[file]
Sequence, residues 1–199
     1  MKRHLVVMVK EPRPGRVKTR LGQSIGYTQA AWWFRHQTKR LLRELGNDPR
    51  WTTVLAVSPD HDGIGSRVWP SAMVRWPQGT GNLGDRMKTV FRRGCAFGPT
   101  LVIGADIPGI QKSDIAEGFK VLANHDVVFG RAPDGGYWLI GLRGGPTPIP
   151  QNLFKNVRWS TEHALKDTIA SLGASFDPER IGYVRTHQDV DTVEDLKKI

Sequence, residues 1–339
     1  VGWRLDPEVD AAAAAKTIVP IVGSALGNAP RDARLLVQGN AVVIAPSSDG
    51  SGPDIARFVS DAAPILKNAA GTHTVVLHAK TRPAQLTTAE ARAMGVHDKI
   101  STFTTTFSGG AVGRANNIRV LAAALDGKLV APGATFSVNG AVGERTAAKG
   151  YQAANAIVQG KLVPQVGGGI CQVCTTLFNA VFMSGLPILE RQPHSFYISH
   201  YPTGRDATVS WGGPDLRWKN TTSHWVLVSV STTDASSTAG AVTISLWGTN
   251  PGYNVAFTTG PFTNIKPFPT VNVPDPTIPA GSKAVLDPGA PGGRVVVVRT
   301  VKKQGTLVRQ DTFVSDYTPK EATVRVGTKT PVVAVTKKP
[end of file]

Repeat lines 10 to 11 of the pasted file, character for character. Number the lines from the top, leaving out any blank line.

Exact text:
   151  YQAANAIVQG KLVPQVGGGI CQVCTTLFNA VFMSGLPILE RQPHSFYISH
   201  YPTGRDATVS WGGPDLRWKN TTSHWVLVSV STTDASSTAG AVTISLWGTN